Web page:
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Re: [teacherartexchange] Meet the Masters


Date: Sun Apr 27 2008 - 06:39:28 PDT

In a message dated 4/26/08 6:40:07 PM, twoducks writes:

<<It's Proven:
Art Education Can Improve Scores in Core Subjects Up To 20%! >>  Ellen
Winner at Harvard's Project Zero did research that found no such direct
correlation.  That is quite a statement to make without a factual basis
listed on the site.>>

And this morning's New York TIMES allows me to reply to myself here.

<<What are “the habits of mind” cultivated in arts classrooms, they ask
in their book “Studio Thinking: The Real Benefits of Visual Arts
Education.” As unsatisfied with wafty promises that arts learning
inspires “creativity” as with pledges that it boosts scores, the
Project Zero researchers videotaped several very different classrooms
in two schools with intensive arts instruction. They watched teachers
imparting techniques and introducing students to the world of the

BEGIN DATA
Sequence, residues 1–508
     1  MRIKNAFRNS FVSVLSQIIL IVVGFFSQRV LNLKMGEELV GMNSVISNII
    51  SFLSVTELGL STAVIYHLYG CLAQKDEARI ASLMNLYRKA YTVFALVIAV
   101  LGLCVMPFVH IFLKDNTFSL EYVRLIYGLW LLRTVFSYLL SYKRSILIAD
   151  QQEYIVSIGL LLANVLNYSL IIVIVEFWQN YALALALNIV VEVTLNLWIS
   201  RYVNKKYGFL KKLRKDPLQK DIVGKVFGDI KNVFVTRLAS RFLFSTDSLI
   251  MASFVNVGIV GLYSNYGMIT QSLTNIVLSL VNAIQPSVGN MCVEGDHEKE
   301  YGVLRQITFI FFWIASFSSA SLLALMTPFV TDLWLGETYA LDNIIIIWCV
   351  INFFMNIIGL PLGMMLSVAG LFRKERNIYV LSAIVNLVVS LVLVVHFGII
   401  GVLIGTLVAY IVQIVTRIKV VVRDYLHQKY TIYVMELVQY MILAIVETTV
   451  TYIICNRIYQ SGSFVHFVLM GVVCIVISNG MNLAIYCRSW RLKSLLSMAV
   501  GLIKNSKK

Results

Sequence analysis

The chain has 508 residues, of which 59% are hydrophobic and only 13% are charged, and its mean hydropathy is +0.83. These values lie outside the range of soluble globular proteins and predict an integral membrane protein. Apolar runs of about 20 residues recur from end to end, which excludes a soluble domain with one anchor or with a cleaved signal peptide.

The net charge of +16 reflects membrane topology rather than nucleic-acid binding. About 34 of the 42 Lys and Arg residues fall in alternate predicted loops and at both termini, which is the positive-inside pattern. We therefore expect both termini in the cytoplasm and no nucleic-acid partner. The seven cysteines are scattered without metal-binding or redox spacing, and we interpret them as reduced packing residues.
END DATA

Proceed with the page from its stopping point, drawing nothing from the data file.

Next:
visual arts, and saw certain cognitive “dispositions” being elicited by
the interactions: persistence in tackling problems, observational
acuity, expressive clarity, reflective capacity to question and judge,
ability to envision alternative possibilities and openness to

Those positive learning and thinking outcomes are, I guarantee you, not
used and strengthened if an art program consists primarily of following
step-by-step teacher directions to a pre-determined product. So if
school systems want to get bang for their bucks, they might want to
spend their short monies in better ways than what this Package appears
to be. My opinion.

You can find the article here: (long url, copy and paste it all to go
to the page)

The STUDIO THINKING book (Teachers College Press) is a fabulous and
inexpensive book that advocates clearly for real benefits from
full-blown art learning and teaching. It is essential reading for
upper grade art teachers, but has much to offer art teachers at all
levels. I wish that principals and school budget people had it as
required reading also: it would make them see your classrooms through
fresh and more respectful eyes.

kathy douglas
massachusetts, retired

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